A new study that pushes back against some accepted notions of how the coronavirus is transmitted argues that herd immunity might already have been reached in some parts of the nation.
The study, “Persistent heterogeneity not short-term overdispersion determines herd immunity to COVID-19,” was published Aug. 10 in the Proceedings of the National Academy of Sciences.
It pointed out that current infection models assume there are so-called “super-spreaders,” which are a small number of individuals who, because of their social activity, pass the virus along to large numbers of other people.
In this model, everyone everywhere has an equal chance of infection.
Writing at Reason, Ronald Bailey offered an interpretation of what the study thinks is happening instead.
Bailey wrote that the researchers define a concept they call heterogeneity “as the biological and social susceptibility of individual members of the population to COVID-19 viral infection.”
The study relies on what is called “biological heterogeneity,” which includes “the strength of immune responses, genetics, age, and comorbidities,” and social heterogeneity, which measures close contacts among individuals, according to Reason.
“Taking the effects of biological and social heterogeneity on COVID-19 transmissibility, the researchers calculate that the herd immunity threshold is likely somewhere between 20 and 30 percent of the population,” Bailey wrote.
The researchers then conducted a modeling exercise of what might happen this fall, which has been cited as a time when a feared second wave of coronavirus infections might take place.
In what the study’s authors called a “worst-case scenario” in which virtually everything has returned to pre-pandemic ways of life, the study predicted “virtually no second wave of COVID-19 cases in New York City which indicates that herd immunity has likely been achieved there,” Bailey wrote.
“By applying our theory to the COVID-19 epidemic we found evidence that the hardest hit areas such as New York City, have likely passed the heterogeneity-modified herd immunity threshold,” the study said.
Bailey noted that the researchers “calculate that Chicago has not passed the herd immunity threshold,” but found that “the effects of biological and social heterogeneity would still result in a substantial reduction of the magnitude of the second wave there, even under the worst-case scenario.”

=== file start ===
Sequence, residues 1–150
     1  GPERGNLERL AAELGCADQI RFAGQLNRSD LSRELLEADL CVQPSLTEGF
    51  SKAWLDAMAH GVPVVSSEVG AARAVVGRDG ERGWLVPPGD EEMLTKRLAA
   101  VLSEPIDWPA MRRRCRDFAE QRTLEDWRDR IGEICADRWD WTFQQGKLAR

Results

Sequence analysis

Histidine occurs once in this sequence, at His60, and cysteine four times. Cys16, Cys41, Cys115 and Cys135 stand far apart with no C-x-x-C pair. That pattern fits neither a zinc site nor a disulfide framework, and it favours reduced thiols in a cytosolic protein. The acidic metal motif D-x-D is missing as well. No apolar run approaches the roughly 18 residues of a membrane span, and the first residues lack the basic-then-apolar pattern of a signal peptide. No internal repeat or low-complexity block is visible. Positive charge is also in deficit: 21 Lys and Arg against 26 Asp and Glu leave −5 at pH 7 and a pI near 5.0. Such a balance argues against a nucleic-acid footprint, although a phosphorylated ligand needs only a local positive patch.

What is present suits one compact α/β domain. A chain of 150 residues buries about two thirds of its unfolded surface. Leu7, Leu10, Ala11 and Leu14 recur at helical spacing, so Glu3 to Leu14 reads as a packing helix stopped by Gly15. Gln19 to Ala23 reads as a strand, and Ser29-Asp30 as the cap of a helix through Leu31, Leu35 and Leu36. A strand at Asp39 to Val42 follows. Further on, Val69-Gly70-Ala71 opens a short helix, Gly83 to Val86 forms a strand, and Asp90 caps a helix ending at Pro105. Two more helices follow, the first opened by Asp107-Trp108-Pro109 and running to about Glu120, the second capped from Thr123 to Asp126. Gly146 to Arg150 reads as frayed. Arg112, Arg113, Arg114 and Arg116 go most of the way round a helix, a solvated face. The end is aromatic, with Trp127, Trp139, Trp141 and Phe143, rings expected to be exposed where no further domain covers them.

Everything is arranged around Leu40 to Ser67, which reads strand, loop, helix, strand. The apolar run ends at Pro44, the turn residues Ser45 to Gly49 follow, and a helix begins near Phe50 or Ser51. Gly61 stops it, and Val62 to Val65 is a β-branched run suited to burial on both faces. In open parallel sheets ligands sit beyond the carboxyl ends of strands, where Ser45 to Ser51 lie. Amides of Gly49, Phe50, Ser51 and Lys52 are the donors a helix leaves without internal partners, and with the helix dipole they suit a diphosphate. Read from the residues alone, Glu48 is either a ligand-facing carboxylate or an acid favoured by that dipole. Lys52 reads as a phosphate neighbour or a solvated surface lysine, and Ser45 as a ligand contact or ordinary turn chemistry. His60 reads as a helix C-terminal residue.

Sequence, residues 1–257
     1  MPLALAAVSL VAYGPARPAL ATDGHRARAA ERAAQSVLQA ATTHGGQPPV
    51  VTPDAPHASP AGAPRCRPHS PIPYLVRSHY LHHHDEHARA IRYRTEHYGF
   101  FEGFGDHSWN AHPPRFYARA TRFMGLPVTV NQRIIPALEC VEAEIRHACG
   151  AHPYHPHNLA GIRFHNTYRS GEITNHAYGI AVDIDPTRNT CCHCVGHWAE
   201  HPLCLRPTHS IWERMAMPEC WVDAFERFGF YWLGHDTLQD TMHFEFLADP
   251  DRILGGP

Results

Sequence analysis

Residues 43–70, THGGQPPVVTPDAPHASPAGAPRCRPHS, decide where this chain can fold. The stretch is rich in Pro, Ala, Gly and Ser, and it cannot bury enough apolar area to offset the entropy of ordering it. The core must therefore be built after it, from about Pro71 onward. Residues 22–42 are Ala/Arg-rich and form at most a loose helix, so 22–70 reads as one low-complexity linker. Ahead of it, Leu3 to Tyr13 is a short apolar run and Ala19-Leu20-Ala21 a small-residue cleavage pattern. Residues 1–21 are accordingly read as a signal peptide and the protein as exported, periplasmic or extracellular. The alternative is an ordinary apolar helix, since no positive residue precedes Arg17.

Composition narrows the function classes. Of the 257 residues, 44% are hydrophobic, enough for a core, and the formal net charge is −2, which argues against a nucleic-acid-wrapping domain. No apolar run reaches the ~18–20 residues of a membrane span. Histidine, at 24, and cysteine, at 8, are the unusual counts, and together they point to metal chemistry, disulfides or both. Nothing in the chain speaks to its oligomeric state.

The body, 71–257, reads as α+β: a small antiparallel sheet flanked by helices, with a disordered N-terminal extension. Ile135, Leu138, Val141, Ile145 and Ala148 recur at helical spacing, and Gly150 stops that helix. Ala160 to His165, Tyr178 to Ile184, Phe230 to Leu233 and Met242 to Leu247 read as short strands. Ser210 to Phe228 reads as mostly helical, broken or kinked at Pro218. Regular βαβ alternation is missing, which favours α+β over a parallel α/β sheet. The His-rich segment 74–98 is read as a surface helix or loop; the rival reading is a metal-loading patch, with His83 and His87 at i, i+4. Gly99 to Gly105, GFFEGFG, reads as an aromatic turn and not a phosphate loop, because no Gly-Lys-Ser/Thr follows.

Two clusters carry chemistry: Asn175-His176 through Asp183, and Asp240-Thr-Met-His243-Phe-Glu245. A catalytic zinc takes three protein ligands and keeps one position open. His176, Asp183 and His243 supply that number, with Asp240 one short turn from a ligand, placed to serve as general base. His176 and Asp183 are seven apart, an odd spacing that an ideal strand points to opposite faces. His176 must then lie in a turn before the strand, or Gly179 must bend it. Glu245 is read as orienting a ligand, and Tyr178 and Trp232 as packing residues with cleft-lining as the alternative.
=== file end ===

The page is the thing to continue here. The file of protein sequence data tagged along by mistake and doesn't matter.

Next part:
The study suggested that moderately restrictive measures — such as social distancing and wearing masks — might be enough to avoid a second wave in areas that are close to herd immunity but have not yet achieved it.
“While the coronavirus may not just fade away, these calculations imply that the U.S. has a good chance to avoid a potentially disastrous second wave this fall if the public maintains reasonable social distancing and mask-wearing efforts,” Bailey wrote.
There is a potential catch: Herd immunity to the virus may not last forever.
“This means we need to be careful about declaring the epidemic over in a given location simply because cases have started to decline,” Justin Lessler, an associate professor of epidemiology at the Johns Hopkins University School of Public Health, wrote in an Op-Ed in The Washington Post on Friday.
“What may be adequate immunity to stem the virus in summer may not be enough to stop epidemic spread in the winter — a phenomenon seen in each of the four modern influenza pandemics, where an initial summer wave quickly receded only to be followed by a large epidemic in the fall or winter.”
Lessler said community immunity will emerge and reduce the severity of each wave of the disease.
“The long fight against COVID-19 is far from over, and we will likely be living with the virus in some form for years to come. But each round we fight with this virus will get easier due to the accumulating effects of community immunity, even if we never reach a promised land where herd protection makes epidemics a thing of the past.
“Hopefully, we will soon have a vaccine that accelerates this process, but even when one arrives, it will take time to distribute to large portions of the population. As we wait, every day and every person who becomes immune makes the fight easier. This growing protection will allow us to slowly roll back control measures and return to a more normal life,” he wrote.
“But we should remember that community immunity is a journey, not a destination, and we have to proceed carefully on our voyage back to the way things were before the virus spread around the globe.”
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